It is significant that the king invites us to a wedding rather than a funeral. It is the same invitation Jesus issues in a subsequent parable, “Come and share your master’s happiness!” (chapter 25, verses 21 and 23). And the bountiful table the king has prepared is the same feast Jesus referred to earlier: “I say to you that many will come from the east and the west, and will take their places at the feast with Abraham, Isaac and Jacob in the kingdom of heaven” (chapter 8, verse 11). A foretaste of this feast is offered to us in the Sacrament of the Altar.

All of the people who are invited to the king’s banquet are unworthy of his invitation. When the original invitees refused to come, the king said to his servants, “Those I invited did not deserve to come.” So he sent his servants out into the streets to invite anyone they could find. This is the evangelistic mission of Christ’s church, which began already on Good Friday as the penitent thief and the Roman centurion were moved to confess their faith in Jesus (see Luke chapter 23, verses 40-43 and Matthew chapter 27, verse 54). Every sinner who receives this invitation in penitent faith must confess together with Martin Luther, “I believe that I cannot by my own thinking or choosing believe in Jesus Christ, my Lord, or come to him. But the Holy Spirit has called me by the gospel.”

The man who was not wearing wedding clothes calls to mind the traditional prayer of preparation for Holy Communion, “Strip off from us the spotted garments of our flesh, and of our own righteousness, and adorn us with the garments of the righteousness that Thou hast purchased with Thy blood.” (Notice how this imagery seems to be drawn from Revelation chapter 7, verse 13 and 14.) Thus the hymnwriter teaches us to sing, “Jesus, your blood and righteousness my beauty are, my glorious dress” (Christian Worship Hymn 376, stanza 1) These righteous robes are given to us in Holy Baptism, as Paul explains, “All of you who were baptized into Christ have clothed yourselves with Christ” (Galatians chapter 3, verse 27).

Jesus tells the Pharisees to pay taxes to Caesar

Matthew chapter 22, verses 15-22
Then the Pharisees went out and laid plans to trap him in his words. They sent their disciples to him along with the Herodians. “Teacher,” they said, “we know you are a man of integrity and that you teach the way of God in accordance with the truth. You aren’t swayed by men, because you pay no attention to who they are. Tell us then, what is your opinion? Is it right to pay taxes to Caesar or not?” But Jesus, knowing their evil intent, said, “You hypocrites, why are you trying to trap me? Show me the coin used for paying the tax.” They brought him a denarius, and he asked them, “Whose portrait is this? And whose inscription?” “Caesar’s,” they replied. Then he said to them, “Give to Caesar what is Caesar’s, and to God what is God’s.” When they heard this, they were amazed. So they left him and went away.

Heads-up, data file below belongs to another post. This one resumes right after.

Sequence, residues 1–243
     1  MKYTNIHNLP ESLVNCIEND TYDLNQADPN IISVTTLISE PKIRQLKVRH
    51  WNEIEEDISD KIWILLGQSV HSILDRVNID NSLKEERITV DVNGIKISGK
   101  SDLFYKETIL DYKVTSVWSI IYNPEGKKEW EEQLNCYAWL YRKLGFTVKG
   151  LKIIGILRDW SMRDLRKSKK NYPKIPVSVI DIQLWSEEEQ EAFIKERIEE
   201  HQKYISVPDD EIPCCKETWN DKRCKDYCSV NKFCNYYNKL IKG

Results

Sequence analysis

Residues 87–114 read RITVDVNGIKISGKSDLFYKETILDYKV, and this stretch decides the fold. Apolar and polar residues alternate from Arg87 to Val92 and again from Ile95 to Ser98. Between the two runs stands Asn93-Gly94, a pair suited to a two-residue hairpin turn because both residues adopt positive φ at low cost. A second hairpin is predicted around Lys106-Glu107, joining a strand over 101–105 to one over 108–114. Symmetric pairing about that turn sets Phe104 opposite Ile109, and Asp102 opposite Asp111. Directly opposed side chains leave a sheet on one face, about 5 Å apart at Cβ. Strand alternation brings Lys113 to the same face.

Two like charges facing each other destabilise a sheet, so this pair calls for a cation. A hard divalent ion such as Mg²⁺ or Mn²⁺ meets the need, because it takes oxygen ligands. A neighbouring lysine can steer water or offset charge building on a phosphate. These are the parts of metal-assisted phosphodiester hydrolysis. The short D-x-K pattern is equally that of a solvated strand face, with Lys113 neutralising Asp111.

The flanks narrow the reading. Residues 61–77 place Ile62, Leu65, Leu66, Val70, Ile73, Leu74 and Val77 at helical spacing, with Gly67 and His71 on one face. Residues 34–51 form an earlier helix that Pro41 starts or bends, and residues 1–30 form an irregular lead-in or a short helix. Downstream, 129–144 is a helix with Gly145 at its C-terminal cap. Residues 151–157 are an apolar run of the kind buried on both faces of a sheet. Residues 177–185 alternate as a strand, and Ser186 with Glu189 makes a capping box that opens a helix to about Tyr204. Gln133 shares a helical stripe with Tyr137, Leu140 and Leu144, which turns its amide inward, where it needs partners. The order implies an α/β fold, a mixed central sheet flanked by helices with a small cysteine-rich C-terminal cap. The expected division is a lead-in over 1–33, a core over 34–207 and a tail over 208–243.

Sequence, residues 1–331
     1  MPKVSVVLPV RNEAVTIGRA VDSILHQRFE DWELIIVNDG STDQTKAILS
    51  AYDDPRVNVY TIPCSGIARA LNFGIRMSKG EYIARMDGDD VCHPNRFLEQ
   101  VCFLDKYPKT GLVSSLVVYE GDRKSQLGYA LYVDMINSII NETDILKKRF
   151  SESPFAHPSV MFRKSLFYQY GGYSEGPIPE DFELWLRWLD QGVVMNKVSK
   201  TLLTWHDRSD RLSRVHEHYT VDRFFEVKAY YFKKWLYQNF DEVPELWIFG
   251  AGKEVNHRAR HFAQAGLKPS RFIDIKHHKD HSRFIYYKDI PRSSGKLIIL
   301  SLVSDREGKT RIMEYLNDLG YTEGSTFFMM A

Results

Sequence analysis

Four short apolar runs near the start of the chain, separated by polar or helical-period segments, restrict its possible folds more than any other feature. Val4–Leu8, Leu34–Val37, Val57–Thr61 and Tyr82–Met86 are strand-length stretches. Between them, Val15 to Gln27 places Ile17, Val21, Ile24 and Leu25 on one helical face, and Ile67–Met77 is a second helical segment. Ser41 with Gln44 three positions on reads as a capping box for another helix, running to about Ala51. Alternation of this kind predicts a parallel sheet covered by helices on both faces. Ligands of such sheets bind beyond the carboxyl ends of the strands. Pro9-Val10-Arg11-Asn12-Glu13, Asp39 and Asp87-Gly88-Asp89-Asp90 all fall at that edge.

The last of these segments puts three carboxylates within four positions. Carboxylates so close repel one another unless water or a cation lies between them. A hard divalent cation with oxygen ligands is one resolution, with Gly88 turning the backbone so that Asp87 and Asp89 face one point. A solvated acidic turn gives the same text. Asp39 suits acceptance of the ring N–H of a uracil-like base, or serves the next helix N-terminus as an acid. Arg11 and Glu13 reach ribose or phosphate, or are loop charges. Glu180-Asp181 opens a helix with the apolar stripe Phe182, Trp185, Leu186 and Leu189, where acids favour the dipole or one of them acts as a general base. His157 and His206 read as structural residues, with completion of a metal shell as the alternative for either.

There is an old saying that politics makes strange bedfellows. Here the Pharisees and the Herodians display a common hatred for Jesus that overshadows their sharp disagreements with each other. The Pharisees were ardent nationalists who opposed Roman rule and despised the Herodians for their cooperation with the Roman government. So now, if Jesus tells people not to pay taxes to Rome, the Herodians will report him to Pontius Pilate and have him executed for treason. And if Jesus tells people to pay taxes to Caesar, the Pharisees will spread the word that Jesus is unpatriotic.

So how does Jesus escape this trap? He doesn’t. He steps right into it. He is not fooled by their flattery. He tells the Pharisees to pay taxes to Caesar. And because Jesus knows “their evil intent,” he is not surprised when his words are twisted around only three days later. On Tuesday he tells the Pharisees to pay taxes to Caesar, and on Friday they haul him before Pilate and say, “We have found this man subverting our nation. He opposes payment of taxes to Caesar and claims to be Christ, a king” (Luke chapter 23, verse 2).

When Jesus distinguished between what we owe to the government and what we owe to God, he was in disagreement with the inscription that appeared in Latin on the Roman denarius, “Tiberius Caesar Augustus, son of the divine Augustus.” Jesus’ words provided the basis for the first generation of Christians’ refusal to offer a pinch of incense in worship of the emperor. As their refusal often led to martyrdom, Jesus’ answer to the Pharisees and the Herodians led to his own crucifixion.